AAS 408 - African Economies: Social and Political Settings
Section: 001 African Development from the Pre-Colonial Era to Structural Adjustment and Beyond
Term: FA 2011
Subject: Afroamerican & African Studies (AAS)
Department: LSA Afroamerican and African Studies
Credits:
4
Waitlist Capacity:
99
Advisory Prerequisites:
AAS 200.
Other Course Info:
(African Studies).
Repeatability:
May not be repeated for credit.
Primary Instructor:

The aim of this course is to provide an introduction to African development. The focus of the course is to understand the origin and nature of the developmental crisis in Africa along with the options available for reversing the economic malaise. The first part of the course will present and evaluate the challenges of African development with a focus on three issues debt and debt relief, health and development and conflict and crisis. The second will focus on a history of African development with an emphasis on understanding the legacy of the pre-colonial and colonial period. The third part of the course will aim at identifying the evolution of the crisis during the first two decades of independence. The final section offers a critical examination of the nature and impact of the World Bank/IMF-sponsored adjustment policies with a discussion of possible alternatives to adjustment.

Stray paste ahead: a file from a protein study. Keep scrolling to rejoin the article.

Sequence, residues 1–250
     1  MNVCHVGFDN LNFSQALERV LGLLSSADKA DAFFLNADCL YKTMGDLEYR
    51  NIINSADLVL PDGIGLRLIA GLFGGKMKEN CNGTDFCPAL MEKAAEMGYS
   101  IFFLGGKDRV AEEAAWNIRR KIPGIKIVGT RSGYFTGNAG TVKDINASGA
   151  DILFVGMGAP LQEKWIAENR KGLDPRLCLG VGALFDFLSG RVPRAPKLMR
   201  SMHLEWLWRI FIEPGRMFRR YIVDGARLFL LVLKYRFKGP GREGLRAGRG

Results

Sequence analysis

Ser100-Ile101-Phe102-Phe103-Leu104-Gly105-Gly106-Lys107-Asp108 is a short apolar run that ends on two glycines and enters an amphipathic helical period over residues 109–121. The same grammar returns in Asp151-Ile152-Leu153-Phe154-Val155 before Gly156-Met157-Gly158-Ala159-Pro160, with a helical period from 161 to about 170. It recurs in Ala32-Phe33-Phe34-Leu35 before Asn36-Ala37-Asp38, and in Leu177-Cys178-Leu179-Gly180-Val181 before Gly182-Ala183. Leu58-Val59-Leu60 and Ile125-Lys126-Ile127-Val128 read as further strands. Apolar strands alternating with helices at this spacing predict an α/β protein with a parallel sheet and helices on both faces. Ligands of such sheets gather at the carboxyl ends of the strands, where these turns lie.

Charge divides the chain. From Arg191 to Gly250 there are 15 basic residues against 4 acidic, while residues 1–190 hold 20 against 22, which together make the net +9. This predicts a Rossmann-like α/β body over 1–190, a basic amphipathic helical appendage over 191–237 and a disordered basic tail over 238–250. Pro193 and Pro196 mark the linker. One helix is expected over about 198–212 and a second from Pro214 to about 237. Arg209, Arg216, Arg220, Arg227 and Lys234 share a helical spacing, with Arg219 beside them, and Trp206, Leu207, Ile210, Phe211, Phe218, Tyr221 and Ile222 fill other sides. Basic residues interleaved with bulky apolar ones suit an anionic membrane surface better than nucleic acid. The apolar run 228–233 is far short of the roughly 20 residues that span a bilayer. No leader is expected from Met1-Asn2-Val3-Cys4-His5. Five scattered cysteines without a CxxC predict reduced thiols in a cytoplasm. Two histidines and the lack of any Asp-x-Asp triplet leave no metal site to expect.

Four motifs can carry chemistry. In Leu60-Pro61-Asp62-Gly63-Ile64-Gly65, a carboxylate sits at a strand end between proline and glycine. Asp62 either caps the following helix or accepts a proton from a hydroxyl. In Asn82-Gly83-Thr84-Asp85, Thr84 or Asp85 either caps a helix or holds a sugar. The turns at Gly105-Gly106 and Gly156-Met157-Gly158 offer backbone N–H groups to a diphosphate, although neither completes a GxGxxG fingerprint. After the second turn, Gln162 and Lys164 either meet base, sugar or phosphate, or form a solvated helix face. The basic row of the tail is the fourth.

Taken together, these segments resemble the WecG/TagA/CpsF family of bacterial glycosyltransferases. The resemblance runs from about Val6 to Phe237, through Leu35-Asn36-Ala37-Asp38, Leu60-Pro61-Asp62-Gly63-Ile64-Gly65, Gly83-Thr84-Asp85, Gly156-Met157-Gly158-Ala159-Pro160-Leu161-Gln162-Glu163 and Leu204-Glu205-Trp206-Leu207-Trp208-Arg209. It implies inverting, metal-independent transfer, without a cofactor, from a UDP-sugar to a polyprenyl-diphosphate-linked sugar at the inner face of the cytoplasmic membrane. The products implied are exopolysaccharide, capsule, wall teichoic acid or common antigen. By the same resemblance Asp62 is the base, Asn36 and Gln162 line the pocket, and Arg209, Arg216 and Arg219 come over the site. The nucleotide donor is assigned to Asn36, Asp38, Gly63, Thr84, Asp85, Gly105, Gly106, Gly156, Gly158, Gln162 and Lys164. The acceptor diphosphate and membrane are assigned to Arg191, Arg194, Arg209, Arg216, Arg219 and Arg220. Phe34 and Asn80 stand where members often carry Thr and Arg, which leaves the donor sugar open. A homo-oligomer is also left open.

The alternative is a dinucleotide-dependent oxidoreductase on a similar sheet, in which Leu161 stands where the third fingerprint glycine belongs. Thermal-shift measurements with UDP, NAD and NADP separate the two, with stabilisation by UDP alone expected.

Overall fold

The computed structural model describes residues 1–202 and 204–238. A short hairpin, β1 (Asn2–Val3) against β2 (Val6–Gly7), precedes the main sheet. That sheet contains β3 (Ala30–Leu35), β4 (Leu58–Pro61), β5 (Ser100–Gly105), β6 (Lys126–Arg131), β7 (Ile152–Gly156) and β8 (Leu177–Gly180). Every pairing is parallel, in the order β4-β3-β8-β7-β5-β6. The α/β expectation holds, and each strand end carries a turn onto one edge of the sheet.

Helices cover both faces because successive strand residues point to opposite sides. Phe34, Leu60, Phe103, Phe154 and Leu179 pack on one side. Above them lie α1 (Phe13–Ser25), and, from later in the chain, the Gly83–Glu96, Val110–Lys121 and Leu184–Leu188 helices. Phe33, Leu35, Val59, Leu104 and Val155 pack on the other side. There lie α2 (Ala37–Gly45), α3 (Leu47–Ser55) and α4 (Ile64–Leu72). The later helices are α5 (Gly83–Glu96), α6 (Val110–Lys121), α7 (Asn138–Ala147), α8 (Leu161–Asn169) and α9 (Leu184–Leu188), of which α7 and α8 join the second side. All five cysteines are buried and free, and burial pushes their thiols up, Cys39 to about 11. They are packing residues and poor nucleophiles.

AAS 408 - African Economies: Social and Political Settings
Schedule Listing
001 (SEM)
P
25515
Open
14
 
-
Tu 3:00PM - 6:00PM
NOTE: Data maintained by department in Wolverine Access. If no textbooks are listed below, check with the department.


ISBN: 0415480396
The political economy of Africa, Author: ed. by Vishnu Padayachee., Publisher: Routledge 2009
Required
ISBN: 9780852550090
African economic history : internal development and external dependency, Author: Ralph A. Austen., Publisher: J. Currey [Repr.] 1997
Required
ISBN: 0312127731
Asian Industrialization & Africa: Studies in Policy Alternatives toStructural Adjustment, Author: by Howard Stein., Publisher: St. Martin's Press 1996
Required
Syllabi are available to current LSA students. IMPORTANT: These syllabi are provided to give students a general idea about the courses, as offered by LSA departments and programs in prior academic terms. The syllabi do not necessarily reflect the assignments, sequence of course materials, and/or course expectations that the faculty and departments/programs have for these same courses in the current and/or future terms.

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